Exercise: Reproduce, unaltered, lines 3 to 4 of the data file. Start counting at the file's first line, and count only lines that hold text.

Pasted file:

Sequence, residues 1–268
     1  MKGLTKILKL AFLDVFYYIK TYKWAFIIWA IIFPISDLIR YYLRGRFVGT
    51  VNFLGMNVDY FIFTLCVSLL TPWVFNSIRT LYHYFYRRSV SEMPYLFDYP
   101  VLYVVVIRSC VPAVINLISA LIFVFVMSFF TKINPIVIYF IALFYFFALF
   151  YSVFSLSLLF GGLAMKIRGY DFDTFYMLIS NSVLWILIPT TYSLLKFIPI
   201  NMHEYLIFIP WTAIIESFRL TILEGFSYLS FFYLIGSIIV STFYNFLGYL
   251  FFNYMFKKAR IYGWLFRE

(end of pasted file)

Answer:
    51  VNFLGMNVDY FIFTLCVSLL TPWVFNSIRT LYHYFYRRSV SEMPYLFDYP
   101  VLYVVVIRSC VPAVINLISA LIFVFVMSFF TKINPIVIYF IALFYFFALF